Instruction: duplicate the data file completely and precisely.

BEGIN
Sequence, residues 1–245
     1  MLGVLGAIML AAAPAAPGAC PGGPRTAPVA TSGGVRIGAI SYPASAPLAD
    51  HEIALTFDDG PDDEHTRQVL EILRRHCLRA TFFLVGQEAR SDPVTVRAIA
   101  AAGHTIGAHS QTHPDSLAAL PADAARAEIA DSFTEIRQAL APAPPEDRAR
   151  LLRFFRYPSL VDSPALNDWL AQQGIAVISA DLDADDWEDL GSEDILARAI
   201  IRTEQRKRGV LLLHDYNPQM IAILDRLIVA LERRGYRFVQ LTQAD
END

Sequence, residues 1–245
     1  MLGVLGAIML AAAPAAPGAC PGGPRTAPVA TSGGVRIGAI SYPASAPLAD
    51  HEIALTFDDG PDDEHTRQVL EILRRHCLRA TFFLVGQEAR SDPVTVRAIA
   101  AAGHTIGAHS QTHPDSLAAL PADAARAEIA DSFTEIRQAL APAPPEDRAR
   151  LLRFFRYPSL VDSPALNDWL AQQGIAVISA DLDADDWEDL GSEDILARAI
   201  IRTEQRKRGV LLLHDYNPQM IAILDRLIVA LERRGYRFVQ LTQAD